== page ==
The reason that our age limit used to be 21 and is now 18 in most American jurisdiction has to do with the societal view of the trade off between service and maturity. That is no good answer to this trade off. I suspect many or most jurisdictions outside of the US require petitioners to be at least 21.

    To the young man - Patience is a lesson we start teaching even before a candidate gets a petition. For me that was appropriate because it's among the hardest lessons for me to learn.
     
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  3. acjohnson53

    acjohnson53 Registered User

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    Wisdom, very well said...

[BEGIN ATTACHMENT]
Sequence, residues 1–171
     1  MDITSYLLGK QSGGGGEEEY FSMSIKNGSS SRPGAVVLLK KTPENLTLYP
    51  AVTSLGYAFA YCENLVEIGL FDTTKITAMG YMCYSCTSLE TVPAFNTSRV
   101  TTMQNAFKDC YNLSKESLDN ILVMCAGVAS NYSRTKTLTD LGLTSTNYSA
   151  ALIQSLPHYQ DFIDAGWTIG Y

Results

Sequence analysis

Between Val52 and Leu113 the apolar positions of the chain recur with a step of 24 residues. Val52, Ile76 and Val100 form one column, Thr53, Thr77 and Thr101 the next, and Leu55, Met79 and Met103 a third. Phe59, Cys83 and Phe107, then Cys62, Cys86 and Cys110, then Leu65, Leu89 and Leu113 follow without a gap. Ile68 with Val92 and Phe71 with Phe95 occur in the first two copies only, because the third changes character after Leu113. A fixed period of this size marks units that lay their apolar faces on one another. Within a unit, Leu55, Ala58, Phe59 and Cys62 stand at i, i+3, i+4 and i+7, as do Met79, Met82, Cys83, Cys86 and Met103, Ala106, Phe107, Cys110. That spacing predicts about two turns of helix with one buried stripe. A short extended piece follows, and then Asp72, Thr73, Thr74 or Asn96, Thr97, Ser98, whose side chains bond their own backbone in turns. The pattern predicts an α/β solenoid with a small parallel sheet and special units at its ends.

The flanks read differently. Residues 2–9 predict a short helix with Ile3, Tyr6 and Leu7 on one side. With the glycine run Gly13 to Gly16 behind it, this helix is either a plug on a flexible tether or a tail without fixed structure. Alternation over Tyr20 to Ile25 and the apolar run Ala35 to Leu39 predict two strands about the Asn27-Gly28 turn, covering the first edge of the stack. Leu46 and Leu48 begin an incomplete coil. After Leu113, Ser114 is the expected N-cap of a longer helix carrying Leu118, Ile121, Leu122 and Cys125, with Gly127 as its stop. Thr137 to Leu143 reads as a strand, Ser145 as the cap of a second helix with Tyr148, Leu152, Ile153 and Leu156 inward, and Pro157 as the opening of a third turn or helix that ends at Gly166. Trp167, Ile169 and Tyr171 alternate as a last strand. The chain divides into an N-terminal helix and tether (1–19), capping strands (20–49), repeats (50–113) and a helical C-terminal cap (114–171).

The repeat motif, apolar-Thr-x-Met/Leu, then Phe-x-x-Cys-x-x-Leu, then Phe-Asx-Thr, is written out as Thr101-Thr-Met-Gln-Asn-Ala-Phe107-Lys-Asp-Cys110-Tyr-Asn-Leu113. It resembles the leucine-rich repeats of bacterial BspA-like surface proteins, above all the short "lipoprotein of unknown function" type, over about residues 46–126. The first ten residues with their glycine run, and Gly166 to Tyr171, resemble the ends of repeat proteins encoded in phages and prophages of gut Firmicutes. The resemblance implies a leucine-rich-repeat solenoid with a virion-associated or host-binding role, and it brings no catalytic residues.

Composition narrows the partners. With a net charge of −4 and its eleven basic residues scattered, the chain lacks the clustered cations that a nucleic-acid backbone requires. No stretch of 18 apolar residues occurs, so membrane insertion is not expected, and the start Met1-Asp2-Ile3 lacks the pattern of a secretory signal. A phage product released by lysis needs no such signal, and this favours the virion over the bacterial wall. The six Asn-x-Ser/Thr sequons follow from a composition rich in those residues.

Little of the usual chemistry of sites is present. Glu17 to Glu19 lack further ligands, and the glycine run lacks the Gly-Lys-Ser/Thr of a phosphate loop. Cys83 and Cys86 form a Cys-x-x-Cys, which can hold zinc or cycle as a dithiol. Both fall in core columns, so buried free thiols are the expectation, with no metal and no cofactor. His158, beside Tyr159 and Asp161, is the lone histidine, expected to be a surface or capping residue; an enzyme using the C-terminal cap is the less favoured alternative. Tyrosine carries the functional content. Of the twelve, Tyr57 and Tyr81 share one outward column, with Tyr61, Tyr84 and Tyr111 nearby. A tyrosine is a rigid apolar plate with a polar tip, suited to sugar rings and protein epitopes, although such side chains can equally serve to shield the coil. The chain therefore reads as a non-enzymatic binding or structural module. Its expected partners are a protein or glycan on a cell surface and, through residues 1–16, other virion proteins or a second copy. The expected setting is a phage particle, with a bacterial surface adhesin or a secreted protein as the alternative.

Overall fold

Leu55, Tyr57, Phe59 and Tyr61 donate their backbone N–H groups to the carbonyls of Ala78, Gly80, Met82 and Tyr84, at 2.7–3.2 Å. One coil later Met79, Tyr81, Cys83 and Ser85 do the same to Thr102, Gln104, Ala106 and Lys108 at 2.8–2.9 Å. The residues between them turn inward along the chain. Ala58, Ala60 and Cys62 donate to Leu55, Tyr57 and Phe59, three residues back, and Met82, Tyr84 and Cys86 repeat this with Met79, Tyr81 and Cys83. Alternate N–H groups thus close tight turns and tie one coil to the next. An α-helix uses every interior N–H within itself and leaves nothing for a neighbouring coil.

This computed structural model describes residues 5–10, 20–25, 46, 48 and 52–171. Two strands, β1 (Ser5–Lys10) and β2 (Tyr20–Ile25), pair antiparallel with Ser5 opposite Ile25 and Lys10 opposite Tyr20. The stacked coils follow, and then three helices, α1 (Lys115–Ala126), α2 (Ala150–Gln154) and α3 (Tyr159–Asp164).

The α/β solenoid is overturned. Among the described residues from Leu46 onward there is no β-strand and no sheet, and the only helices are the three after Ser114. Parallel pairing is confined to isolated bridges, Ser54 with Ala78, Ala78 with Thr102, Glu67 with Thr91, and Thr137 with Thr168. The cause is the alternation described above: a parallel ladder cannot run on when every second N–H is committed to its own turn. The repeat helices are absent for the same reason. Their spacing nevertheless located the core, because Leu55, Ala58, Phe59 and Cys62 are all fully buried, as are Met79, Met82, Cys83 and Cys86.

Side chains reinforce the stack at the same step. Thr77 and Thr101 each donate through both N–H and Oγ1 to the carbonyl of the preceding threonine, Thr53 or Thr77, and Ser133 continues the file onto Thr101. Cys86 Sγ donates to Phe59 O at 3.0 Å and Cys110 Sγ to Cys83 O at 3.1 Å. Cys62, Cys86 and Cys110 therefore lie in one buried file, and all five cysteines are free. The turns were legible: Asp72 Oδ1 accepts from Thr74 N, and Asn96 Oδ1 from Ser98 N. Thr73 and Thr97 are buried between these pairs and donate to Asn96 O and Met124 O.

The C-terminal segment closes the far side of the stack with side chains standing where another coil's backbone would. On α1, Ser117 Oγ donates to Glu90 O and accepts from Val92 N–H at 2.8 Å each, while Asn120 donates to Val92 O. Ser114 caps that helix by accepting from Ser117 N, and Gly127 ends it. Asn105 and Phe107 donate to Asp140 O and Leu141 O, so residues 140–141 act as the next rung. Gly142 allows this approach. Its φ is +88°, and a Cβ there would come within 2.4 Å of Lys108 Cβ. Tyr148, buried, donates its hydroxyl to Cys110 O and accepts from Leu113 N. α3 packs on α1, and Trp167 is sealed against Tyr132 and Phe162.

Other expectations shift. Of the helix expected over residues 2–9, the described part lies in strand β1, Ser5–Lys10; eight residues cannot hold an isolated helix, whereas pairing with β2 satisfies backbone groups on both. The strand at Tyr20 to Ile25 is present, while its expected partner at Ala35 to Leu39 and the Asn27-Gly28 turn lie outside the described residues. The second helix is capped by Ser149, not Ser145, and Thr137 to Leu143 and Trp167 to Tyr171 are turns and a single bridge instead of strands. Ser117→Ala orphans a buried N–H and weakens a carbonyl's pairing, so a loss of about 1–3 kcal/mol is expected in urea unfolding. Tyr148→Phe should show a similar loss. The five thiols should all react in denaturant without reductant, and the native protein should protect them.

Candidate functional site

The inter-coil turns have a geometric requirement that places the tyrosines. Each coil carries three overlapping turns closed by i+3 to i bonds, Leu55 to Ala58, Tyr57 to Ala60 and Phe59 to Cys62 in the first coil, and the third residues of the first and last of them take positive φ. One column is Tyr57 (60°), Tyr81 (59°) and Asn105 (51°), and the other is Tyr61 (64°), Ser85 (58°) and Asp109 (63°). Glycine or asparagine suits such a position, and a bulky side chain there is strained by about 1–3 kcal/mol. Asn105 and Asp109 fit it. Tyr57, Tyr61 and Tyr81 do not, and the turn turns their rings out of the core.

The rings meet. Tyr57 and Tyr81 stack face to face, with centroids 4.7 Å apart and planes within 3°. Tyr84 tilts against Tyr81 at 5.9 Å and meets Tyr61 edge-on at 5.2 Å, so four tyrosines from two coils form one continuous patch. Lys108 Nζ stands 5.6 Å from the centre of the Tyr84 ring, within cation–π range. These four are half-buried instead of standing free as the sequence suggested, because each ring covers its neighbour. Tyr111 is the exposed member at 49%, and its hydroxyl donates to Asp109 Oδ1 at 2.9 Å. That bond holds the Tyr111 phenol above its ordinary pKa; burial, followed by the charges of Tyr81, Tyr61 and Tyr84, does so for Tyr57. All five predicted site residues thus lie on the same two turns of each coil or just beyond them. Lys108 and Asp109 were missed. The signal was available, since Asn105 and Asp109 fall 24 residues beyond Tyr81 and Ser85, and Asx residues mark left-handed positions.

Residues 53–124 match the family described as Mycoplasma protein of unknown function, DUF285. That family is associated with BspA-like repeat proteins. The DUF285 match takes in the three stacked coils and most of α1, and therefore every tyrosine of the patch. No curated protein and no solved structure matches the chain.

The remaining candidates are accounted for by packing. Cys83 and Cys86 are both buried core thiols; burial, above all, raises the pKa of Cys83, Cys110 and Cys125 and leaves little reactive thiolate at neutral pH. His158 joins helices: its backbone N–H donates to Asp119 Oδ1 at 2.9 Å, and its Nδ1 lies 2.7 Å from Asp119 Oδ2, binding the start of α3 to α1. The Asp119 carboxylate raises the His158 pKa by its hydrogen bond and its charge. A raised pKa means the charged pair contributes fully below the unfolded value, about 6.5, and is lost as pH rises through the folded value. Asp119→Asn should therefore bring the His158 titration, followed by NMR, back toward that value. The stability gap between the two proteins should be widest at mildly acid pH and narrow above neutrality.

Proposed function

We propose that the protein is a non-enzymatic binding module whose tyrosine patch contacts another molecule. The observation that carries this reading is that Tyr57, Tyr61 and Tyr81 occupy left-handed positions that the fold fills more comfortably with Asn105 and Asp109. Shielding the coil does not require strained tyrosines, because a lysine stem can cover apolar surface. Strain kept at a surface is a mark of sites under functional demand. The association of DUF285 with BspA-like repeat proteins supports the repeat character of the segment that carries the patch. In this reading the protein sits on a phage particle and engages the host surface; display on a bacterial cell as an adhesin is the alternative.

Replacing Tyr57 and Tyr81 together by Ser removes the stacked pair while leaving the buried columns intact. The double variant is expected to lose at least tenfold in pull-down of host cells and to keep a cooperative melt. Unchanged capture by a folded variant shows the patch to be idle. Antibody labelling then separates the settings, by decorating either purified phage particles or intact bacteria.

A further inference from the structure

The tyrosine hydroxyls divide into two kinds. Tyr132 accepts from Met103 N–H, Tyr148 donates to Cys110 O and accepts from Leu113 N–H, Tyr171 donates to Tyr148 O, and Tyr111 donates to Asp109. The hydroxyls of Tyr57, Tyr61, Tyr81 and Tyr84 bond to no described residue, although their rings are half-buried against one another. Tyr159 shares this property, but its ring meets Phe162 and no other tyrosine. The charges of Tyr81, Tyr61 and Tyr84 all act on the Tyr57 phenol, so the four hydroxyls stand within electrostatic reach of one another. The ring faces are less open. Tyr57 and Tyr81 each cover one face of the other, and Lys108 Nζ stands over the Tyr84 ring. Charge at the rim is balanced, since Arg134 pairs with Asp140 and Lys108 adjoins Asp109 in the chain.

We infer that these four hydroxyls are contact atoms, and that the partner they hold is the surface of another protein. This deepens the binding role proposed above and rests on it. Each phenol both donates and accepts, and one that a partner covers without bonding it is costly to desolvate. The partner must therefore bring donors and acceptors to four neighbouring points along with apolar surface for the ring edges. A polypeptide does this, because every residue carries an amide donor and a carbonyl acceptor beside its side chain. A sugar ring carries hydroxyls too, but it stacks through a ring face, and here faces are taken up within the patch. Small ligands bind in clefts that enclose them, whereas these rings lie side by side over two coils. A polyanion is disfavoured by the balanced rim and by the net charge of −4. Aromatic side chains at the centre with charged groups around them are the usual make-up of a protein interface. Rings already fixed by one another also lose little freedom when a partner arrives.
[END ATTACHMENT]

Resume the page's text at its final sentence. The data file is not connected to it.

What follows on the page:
4. CLewey44

    CLewey44 Registered User

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    Speaking of change, what's anyone's thoughts on allowing 16 and 17 year old guys to petition and even receive the EA degree and then receive FC and MM after the age of 18 or 21? Also, hold stated meetings on that degree? Idk, just thought of it as a way to keep good, young men on the right track and instill some lessons in them for manhood.
     
  5. Brother JC

    Brother JC Vigilant Staff Member

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    No. Let them join DeMolay.
     
  6. David612

    David612 Registered User

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    18 in my jurisdiction
    And we don’t have the demolay
     
  7. CLewey44